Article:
From sales collateral to documents, signed contract scans, and even expense receipts, almost everything that crosses our desks these days is contained in a digital file. Like their paper ancestors, these files need to be put somewhere safe where they can be found and referenced easily.
This need is the driving force behind the explosive growth of cloud storage options for SMBs. These vendors enable SMBs to cost-effectively centralize their files on remote servers while taking on none of the hardware, software, and management costs that building a homegrown solution would entail.
In order to hasten the transition from its traditional retail products to its cloud based products, Microsoft has just announced that it will be offering one year of free technical support to Azure users.
From May 1, 2016 through to June 30, 2017 users who purchase Azure Services under an Enterprise Agreement (EA) will receive a year of free support from the company.
According to Microsoft: “This upgrade is designed to give you an additional level of support on your journey to the cloud, and it comes at no charge”.
Our digital choices define us. Our preferences, habits, and needs form a composite portrait that makes it easier for companies to identify and deliver what we want. It’s called individualization, and many modern companies, from small and midsize startups (Uber, Airbnb) to major corporations (Amazon, Alibaba), are designed to excel in that nanosecond interplay between users and the services they’re looking for.
While major companies across all sectors have quickly retrofitted themselves to compete in this environment, a high percentage of established enterprises (with more than 10,000 employees) are having a much harder time. They’re trying to meet the demand for an individualized end-user experience while handicapped by outdated legacy systems.
Low-income Americans will be eligible for a monthly subsidy of $9.25 to receive high-speed Internet service in an effort approved by federal regulators on Thursday to close the so-called digital divide and expand access to broadband.
The Federal Communications Commission voted 3-2 along party lines to expand a 3-decade-old program that subsidizes phone service for people who cannot afford it.
Now consumers will be able to apply the monthly Lifeline subsidy to broadband service or a bundled voice-and-data package from an Internet service provider.
So far, the solutions to wireless spectrum crunches have involved either offering relatively untapped airwaves or reusing frequencies that were previously assigned to something else. However, DARPA knows this can’t go on forever — and it’s looking for help to devise a clever way around the problem.
The military research agency has launched a new Grand Challenge that will have teams develop artificial intelligence-powered radios that cooperate with each other to avoid wireless congestion. Rather than force devices to use narrow frequency ranges regardless of how crowded they may be, DARPA would like to see those gadgets negotiate frequency sharing whenever they need it.
Data is ubiquitous — but sometimes it can be hard to see the forest for the trees, as it were. Many companies of various sizes believe they have to collect their own data to see benefits from big data analytics, but it’s simply not true.
There are hundreds (if not thousands) of free data sets available, ready to be used and analyzed by anyone willing to look for them. Below is a list of 35 of the most globally interesting I’ve come across, but there are many, many more in many different niches.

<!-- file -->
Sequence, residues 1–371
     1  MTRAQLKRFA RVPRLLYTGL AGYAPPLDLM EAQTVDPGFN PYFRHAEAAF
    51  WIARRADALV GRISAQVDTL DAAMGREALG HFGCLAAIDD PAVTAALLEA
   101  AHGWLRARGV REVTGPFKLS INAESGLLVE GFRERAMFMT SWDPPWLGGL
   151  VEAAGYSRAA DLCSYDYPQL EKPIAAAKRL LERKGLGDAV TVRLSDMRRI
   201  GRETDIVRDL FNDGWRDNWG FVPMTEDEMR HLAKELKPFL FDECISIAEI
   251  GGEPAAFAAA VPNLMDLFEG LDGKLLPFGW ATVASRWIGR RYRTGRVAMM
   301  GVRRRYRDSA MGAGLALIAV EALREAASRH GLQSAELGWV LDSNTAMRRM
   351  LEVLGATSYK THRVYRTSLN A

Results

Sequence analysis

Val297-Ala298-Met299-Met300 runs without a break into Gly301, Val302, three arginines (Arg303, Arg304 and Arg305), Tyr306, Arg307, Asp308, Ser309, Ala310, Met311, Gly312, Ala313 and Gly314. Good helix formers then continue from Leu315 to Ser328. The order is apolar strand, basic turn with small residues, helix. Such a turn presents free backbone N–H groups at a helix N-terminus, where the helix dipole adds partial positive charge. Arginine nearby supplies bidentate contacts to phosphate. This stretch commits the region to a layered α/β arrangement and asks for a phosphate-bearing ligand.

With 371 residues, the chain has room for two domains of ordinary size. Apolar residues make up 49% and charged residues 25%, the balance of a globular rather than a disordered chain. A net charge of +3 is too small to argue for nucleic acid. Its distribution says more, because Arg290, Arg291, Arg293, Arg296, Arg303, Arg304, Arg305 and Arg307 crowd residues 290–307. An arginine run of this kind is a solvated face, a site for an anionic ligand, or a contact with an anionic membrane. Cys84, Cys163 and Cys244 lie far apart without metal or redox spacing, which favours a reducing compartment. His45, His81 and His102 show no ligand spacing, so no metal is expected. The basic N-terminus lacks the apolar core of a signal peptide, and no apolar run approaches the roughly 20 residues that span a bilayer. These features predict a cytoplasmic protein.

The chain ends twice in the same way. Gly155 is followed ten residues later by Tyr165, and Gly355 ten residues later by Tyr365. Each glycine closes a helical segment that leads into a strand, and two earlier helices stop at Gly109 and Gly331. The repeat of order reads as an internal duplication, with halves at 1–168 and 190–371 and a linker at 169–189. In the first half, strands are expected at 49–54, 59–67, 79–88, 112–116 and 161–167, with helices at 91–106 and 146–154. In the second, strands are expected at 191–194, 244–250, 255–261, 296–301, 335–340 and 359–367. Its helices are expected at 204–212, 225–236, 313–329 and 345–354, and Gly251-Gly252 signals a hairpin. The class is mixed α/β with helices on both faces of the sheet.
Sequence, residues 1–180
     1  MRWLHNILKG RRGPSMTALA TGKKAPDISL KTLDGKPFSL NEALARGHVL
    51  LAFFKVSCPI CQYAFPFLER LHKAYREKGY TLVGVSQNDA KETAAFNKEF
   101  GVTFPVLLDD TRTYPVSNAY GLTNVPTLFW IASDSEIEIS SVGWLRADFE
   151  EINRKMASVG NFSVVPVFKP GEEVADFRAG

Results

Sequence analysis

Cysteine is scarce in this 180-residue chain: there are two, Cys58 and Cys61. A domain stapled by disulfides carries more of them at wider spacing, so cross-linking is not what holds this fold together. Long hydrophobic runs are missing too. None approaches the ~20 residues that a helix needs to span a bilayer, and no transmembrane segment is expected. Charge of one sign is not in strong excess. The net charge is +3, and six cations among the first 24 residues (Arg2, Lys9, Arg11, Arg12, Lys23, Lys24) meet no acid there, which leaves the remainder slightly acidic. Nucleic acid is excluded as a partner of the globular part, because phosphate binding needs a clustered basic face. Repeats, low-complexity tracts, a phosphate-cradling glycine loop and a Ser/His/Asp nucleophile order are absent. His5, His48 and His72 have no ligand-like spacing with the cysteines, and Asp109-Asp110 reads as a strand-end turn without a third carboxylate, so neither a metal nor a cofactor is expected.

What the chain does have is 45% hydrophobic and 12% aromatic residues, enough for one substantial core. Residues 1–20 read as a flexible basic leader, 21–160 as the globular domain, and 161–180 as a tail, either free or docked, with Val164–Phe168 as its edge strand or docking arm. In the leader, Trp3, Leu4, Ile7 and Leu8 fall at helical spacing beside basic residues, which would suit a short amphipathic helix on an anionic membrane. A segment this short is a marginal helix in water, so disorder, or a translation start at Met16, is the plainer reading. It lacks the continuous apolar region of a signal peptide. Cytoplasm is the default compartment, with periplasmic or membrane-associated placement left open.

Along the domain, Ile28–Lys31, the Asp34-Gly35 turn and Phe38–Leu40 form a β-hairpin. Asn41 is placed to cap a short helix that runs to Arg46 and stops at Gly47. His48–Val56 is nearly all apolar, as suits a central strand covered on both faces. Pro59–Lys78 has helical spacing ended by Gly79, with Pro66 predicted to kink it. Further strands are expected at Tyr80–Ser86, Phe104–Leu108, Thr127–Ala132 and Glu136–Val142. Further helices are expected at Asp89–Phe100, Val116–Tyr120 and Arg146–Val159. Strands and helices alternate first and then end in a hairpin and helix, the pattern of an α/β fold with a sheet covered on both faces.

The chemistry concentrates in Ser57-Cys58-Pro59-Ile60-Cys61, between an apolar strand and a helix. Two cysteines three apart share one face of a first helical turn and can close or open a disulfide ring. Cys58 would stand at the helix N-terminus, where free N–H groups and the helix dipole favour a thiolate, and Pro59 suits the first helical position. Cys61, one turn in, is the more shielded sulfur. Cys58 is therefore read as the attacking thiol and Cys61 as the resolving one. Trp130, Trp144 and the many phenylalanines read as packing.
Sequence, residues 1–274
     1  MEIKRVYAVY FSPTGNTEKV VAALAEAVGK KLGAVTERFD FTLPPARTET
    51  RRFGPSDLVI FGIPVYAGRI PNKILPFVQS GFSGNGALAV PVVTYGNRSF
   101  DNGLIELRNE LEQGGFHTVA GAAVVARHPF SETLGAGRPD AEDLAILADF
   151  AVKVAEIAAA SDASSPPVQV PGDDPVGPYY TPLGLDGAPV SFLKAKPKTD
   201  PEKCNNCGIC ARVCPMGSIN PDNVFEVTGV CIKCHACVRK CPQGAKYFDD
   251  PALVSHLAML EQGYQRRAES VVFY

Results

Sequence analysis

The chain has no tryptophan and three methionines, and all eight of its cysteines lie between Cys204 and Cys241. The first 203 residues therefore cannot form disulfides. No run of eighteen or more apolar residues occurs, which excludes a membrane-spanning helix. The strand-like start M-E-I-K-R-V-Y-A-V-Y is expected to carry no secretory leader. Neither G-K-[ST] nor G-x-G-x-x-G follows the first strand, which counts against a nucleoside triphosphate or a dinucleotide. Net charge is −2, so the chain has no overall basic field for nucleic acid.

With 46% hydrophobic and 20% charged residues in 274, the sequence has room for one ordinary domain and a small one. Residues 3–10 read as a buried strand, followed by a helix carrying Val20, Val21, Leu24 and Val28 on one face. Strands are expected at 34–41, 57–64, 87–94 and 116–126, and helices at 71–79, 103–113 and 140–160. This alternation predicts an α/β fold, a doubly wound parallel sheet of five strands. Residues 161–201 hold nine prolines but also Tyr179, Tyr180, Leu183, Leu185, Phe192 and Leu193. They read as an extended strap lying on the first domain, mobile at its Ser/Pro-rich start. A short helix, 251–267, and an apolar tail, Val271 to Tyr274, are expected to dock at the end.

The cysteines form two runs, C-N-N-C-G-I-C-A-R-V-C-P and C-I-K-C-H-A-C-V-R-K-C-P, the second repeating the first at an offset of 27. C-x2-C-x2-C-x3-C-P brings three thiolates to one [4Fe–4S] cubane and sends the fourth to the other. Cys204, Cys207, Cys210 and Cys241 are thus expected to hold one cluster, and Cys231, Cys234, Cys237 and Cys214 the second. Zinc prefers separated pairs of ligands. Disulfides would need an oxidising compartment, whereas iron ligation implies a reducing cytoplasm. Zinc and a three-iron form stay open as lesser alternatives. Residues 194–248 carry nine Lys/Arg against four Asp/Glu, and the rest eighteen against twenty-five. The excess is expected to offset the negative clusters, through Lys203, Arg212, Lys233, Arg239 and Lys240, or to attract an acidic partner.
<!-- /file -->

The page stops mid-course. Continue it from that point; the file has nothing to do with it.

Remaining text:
The growth of distributed enterprise networks and changes in traffic patterns as data moves to the cloud has presented companies with problems in ensuring that all of their information and endpoints are properly protected.
To address this, Israeli company Cato Networks is launching its new network security as a service (NSaaS) platform. Cato Cloud is aimed at making network security simple and cost-effective for the distributed, cloud-centric and mobile-first enterprise.
Many IT teams all over the world acknowledge the fact that a secure way to store and share files, both internally (within a company) and externally is extremely important. However, many IT teams also lack the proper tools to do so.
Those are the results of a latest survey by Ipswitch, after asking 555 IT professionals across the globe about their file sharing habits.
The survey says that 76 percent of IT professionals find it important to be able to securely transfer files, still 61 percent use unsecured file-sharing clouds. At the same time, 32 percent of IT professionals don’t have a file transfer policy in place, but 25 percent plan to have one. A further 25 percent said their company has a file transfer policy, but the enforcement is inconsistent.
Cloud email services are still not as big as you’d expect in the enterprise, but they are growing stronger. Those are the results of an automated survey by market analyst Gartner. According to the survey, 8.5 percent of public companies use cloud email service from Microsoft’s Office 365, while 4.7 percent use Google Apps for Work.
The rest, 87 percent, use either on-premises, hybrid, hosted or private cloud email, managed by smaller companies.
These days it’s much easier to set up a new broadband router. They all come with Wi-Fi enabled and secured. Typically you’ll find the Wi-Fi password on a label stuck to the router, and it may even show the user name and password and default IP address. See all router reviews
It’s trickier for older routers, especially if someone has changed the IP address, password or you’ve simply forgotten the details.